The main reason for this is to make higher magnifications, the objective lens elements need to be thicker. This means that they will transmit less light than thinner lenses. As every little bit of light transmitted is so important during the night, to make night vision viable, the magnifications have to be lower, usually under 7x, thus preserving the best possible balance between image magnification and the light.
I feel that the 3x50mm combination on these LN-PB3’s is for me is a great compromise between the size of the binoculars, light gathering potential and the brightness of the image.
According to Luna Optics: The LN-PB3 Night vision binocular has a close focusing system and wide field of view.
The Safari Guide opinion: I totally agree with this as the field of view for is an excellent 364m at 1000m / 1092ft @ 1000 yards (20°) which if like me, you are more used to looking through standard binoculars, the width of the view through them is massive. It also compares very well with other night vision binoculars on the market.
The minimum close focusing distance of only 2m (6.5ft) on the PB3 is also excellent for a night vision binocular.
According to Luna Optics: They feature high-quality all-glass optics with multi-coated lenses and multi-lens elements to provide best possible image under any light conditions.
The Safari Guide opinion: Testing them for the fist time, I started by looking at the back of my garden which is 120ft away and everything back there was easily visible.
Compared to other devices that I have tried, I would say that the quality of the image was really good and there were far less black dots that what I have seen in other night vision devices.
I live in an area that does not have that many street lights and there was almost no moonlight and a fairly overcast sky, so I was really impressed by the brightness of the image as well as the contrast. If there had been a lion back there, I would not only have been able to see it, but would see every bit of detail!
The second time I used them was before sun rise at about 4am (I have a daughter who is just 2 months old!), at this time there was far less light from peoples houses and once again image brightness was what I would describe as excellent for a Gen 1 device.
I used these LN-PB3’s almost every night whilst I was on Safari in Zimbabwe and some of the places I went to out in the bush had no light sources other than the moon and the stars once the lights at the camp had been turned off. Understandably their performance improved on nights where there was a full moon, but even with a new moon, I was able to see very effectively. This is also where the built-in IR illuminator and the additional LN-ELIR-1 laser illuminator really came into their own and I was really blown away by just how well they worked together.
An example of just how well they worked was a night that I was staying on a house boat on Lake Kariba in northwestern Zimbabwe.
We were moored up against the land for the night and shortly after going to bed (I usually sleep out on the deck under the stars) I heard the unmistakable sound of a hippo coming out of the water onto the land to feed. Hippos usually feed on land at night because their skin is very sensitive to the sun and they can even get sunburnt.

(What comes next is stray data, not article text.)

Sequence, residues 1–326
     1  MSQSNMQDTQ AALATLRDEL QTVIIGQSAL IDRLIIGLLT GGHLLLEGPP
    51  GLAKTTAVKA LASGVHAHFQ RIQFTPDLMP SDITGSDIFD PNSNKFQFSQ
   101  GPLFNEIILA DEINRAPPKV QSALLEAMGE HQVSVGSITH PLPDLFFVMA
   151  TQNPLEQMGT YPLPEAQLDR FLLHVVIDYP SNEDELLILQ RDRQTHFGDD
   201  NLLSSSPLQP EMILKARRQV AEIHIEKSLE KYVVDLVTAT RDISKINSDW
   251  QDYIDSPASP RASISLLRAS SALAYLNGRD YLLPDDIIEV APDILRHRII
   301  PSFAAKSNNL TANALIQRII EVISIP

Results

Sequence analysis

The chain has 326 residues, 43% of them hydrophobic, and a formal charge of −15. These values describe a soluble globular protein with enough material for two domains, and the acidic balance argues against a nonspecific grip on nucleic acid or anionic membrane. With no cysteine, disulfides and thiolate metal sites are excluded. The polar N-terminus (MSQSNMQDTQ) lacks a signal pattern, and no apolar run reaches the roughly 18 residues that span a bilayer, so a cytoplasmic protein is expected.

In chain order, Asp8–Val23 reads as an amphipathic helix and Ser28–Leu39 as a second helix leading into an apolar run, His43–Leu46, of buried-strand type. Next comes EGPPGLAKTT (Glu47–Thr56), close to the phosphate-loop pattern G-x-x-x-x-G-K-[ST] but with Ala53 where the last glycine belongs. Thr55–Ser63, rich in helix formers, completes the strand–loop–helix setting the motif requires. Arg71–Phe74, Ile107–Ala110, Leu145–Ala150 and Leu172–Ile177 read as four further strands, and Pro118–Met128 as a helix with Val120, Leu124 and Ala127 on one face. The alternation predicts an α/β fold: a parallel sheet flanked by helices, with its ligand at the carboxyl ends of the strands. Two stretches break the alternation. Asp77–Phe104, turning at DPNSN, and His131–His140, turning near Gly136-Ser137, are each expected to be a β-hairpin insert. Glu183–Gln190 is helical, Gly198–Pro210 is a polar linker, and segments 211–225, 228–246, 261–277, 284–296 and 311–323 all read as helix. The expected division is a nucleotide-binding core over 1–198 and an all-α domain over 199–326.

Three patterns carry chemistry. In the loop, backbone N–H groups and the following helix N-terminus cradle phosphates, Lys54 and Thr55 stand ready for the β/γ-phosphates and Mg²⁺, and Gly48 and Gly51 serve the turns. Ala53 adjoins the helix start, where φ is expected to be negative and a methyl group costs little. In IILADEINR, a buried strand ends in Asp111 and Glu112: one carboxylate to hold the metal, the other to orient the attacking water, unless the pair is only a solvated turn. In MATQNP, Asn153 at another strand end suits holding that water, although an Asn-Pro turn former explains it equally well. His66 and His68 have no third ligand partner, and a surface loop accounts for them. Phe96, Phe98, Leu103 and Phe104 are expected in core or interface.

I have often seen them eating at night, but never without a light, so I quickly reached for my Luna Optics binoculars and what I saw was a revelation. Sure enough there was a large hippo munching on the grass only 20 meters from the boat, but what I also saw astonished me. As I could clearly also see a bat flying around it again and again. I came to the conclusion that it must have been an Insect-eating bat (Microchiroptera) that was taking advantage of the fact that the hippo was flushing insects from the ground.
For me this was incredible and I just wonder if anyone has ever seen this behavior or even if it has been documented it before?
For more, take a look at >> My Personal Experiences of using Luna LN-PB3 Night Vision Binoculars on Safari
Night Vision Performance
For those who have never tried night vision before and whilst the video below was not taken through the Luna Optics LN-PB3, instead it was take through one of their monoculars. I think that it fairly accurately reflects the view that you can expect to get when looking through them and is similar to the quality and brightness that I experienced with them during my test. (without the IR illuminator switched on)
Luna Optics say that these Luna LN-PB3 night vision binoculars use high-quality all-glass optics with multicoated lenses:
Multicoated lenses mean that at least some air to glass surfaces – usually the first and the last, have multiple layers of antireflection coatings that help to transmit as much light as possible. Fully Multicoated would have been better as that would mean that ALL air to glass surfaces have antireflection coatings, but even so this is better than then not being coated at all.
I presume that the reason that they highlight the fact that these use "all-glass optics", they are saying that there are some devices on the market that use other materials other than glass, but I am not sure?
According to Luna Optics: The built-in IR illuminator allows for use in total darkness.
The Safari Guide opinion: Turing on the built in Infrared illuminator for the first time is a real treat as it transforms what must be said is an already fairly bright image to something that almost jumps back at you.
The way this works is to emit Infrared light onto the object that you want to view, this is then reflected back to the binoculars and is amplified by the tube in the same way as ambient light.
To test if you can actually see in complete darkness, I took them indoors, to the darkest room in my house and tried them out and yes, with the IR on you can easily see in complete darkness.